The new leadership of the troubled South Carolina lender CertusBank has not yet managed to stem the bleeding.

The $1.5 billion-asset bank lost $15 million in the third quarter, its twelfth straight quarterly loss, according to a Federal Deposit Insurance Corp. call report made public Friday.

Certus matched its $15 million second-quarter loss, a result it blamed at the time on nonrecurring costs related to its reforms.

In a statement Friday, the bank tried to emphasize the positive in its third-quarter results. "In the third quarter, CertusBank continued to make progress toward aligning our business model more closely with that of a traditional community bank," the bank said in a statement.

The statement noted that some metrics improved during the quarter. Positives included a $44 million increase in deposits and declines in both nonperforming assets and noninterest expenses, apart from credit-related costs, the bank said.

Certus has now lost $39 million through the first nine months of the year, after losing $76 million last year and $20 million in 2012.

Those results — along with allegations of mismanagement and excessive spending — led to the ouster of the bank's founders in April. The board handed the reins to John Poelker, a Georgia banker known for keeping troubled institutions afloat. Certus also added six new board members in August.

Poelker has announced far-reaching reforms, but has so far not been able to put an end to the bank's losses. He has said he wants to slim down its outsized infrastructure, and in the past six months Certus has sold branches and laid off employees. Its headcount fell to 515 at Sept. 30, down from 690 at the end of last year. Last month, Certus announced the sale of its wealth management and mortgage businesses.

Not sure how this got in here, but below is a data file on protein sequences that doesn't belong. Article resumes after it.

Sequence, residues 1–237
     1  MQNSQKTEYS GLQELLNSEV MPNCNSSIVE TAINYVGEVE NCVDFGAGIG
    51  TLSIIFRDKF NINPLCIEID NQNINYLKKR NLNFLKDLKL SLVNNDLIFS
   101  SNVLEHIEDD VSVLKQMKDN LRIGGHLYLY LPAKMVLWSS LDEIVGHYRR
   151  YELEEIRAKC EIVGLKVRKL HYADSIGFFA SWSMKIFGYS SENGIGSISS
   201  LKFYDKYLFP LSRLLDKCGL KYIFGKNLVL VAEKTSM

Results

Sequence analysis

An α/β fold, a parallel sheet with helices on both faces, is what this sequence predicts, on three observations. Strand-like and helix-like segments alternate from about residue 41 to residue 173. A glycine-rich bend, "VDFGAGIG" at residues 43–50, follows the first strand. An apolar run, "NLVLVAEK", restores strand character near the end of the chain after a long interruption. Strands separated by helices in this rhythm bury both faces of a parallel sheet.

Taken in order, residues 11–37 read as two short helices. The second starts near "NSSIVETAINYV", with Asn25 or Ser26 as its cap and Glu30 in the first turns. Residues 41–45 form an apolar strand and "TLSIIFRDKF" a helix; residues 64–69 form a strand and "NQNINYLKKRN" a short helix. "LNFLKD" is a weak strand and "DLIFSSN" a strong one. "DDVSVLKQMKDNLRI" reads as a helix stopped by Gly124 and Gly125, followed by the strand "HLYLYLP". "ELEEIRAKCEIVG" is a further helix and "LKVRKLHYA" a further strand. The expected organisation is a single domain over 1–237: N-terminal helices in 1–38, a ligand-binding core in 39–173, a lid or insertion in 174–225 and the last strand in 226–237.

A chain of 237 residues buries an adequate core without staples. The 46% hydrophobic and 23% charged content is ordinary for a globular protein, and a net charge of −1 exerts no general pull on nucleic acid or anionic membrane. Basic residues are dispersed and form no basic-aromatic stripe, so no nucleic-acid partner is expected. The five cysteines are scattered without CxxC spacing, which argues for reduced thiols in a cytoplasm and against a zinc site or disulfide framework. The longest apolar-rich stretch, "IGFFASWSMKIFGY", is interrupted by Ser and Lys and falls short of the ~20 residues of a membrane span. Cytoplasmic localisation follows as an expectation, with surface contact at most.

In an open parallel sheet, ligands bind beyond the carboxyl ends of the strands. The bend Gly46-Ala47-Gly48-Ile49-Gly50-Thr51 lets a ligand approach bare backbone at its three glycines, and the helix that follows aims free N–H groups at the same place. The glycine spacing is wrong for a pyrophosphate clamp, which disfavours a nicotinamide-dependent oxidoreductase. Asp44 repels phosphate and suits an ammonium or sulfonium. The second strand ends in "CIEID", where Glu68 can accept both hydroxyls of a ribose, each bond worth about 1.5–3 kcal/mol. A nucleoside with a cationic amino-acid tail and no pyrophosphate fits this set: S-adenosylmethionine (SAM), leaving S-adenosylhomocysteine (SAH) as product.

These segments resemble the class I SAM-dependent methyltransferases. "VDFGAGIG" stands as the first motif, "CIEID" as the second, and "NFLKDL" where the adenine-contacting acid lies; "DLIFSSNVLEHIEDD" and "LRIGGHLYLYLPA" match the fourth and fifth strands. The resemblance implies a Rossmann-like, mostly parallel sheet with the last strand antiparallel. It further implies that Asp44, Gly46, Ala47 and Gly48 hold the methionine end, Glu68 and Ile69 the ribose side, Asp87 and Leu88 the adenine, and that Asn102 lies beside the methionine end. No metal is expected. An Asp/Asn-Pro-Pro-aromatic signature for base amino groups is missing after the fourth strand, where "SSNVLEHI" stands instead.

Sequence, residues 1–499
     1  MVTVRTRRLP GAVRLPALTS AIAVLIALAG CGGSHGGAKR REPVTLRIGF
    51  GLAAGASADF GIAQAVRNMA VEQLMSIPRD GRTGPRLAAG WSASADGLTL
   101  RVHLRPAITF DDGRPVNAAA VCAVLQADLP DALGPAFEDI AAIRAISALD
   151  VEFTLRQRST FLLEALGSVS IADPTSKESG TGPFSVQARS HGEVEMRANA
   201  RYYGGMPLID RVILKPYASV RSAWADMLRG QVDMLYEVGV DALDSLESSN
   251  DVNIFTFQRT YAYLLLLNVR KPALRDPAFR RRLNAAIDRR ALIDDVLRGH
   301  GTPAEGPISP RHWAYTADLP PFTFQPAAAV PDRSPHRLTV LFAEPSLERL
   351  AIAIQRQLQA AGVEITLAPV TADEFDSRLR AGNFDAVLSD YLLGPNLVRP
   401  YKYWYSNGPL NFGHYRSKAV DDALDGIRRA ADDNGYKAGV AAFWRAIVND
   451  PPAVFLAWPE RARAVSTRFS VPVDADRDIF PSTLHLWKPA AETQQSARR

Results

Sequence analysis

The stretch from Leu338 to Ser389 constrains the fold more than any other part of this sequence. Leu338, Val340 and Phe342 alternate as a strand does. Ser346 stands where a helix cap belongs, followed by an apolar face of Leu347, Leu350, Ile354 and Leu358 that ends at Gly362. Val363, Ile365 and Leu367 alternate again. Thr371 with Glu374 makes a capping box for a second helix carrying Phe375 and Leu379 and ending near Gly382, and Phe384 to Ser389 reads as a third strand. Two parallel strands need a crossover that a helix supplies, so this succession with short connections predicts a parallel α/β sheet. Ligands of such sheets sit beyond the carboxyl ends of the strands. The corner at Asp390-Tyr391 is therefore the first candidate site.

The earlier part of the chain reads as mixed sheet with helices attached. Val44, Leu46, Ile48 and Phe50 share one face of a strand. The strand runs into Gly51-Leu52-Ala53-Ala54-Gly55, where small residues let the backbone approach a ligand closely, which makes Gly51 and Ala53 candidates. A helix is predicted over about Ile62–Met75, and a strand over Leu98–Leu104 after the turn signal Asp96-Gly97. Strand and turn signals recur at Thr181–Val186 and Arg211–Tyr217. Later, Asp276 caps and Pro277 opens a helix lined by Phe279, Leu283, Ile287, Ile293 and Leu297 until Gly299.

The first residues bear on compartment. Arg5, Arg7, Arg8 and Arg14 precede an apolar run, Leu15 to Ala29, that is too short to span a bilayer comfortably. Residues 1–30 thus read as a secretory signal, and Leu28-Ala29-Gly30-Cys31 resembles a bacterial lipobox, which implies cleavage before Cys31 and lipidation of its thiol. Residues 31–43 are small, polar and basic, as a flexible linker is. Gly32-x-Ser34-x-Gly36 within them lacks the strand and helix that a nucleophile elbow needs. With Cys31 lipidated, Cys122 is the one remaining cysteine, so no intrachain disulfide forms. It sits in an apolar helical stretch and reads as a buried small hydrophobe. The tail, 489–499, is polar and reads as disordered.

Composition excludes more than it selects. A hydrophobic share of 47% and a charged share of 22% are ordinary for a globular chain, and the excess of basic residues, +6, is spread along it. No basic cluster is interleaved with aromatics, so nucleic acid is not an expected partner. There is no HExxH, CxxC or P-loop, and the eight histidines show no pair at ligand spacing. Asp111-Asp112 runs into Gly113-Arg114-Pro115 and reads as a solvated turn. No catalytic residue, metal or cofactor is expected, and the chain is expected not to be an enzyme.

Certus has also sold loans to shore up its capital and attempt to reach the 10% capital level required by its charter. Its Tier 1 leverage ratio fell further in the third quarter, to 6.37%, and its total risk-based capital dropped to 9.91%.

Certus' expenses have remained stubbornly high, at $97 million through the first nine months, compared to $110 million through the same period last year.

CertusBank was founded in 2011 to roll up failed banks in the Southeast, and was backed by a $500 million commitment from a group of hedge funds. The founders were former Bank of America and Wachovia executives, and they received support from key members of Congress in their successful effort to secure a banking charter, as American Banker reported.

Investors eventually tired of the losses, however, and forced out the three founders and lead executives, Milton Jones, Walter Davis, and Angela Webb. A fourth founder, Charles Williams, resigned shortly before the firings.

Weeks later, Jones, Davis and Webb sued CertusBank and Benjamin Weinger, a New York hedge-fund manager who agitated for their dismissal. Their suit claims that the firings were the result of a racist conspiracy to defame them and seize control of the bank. Certus and Weinger have denied the allegations and the case is ongoing in the U.S. District Court of South Carolina.

Certus recorded $2.4 million in legal expenses through the first nine months of the year.

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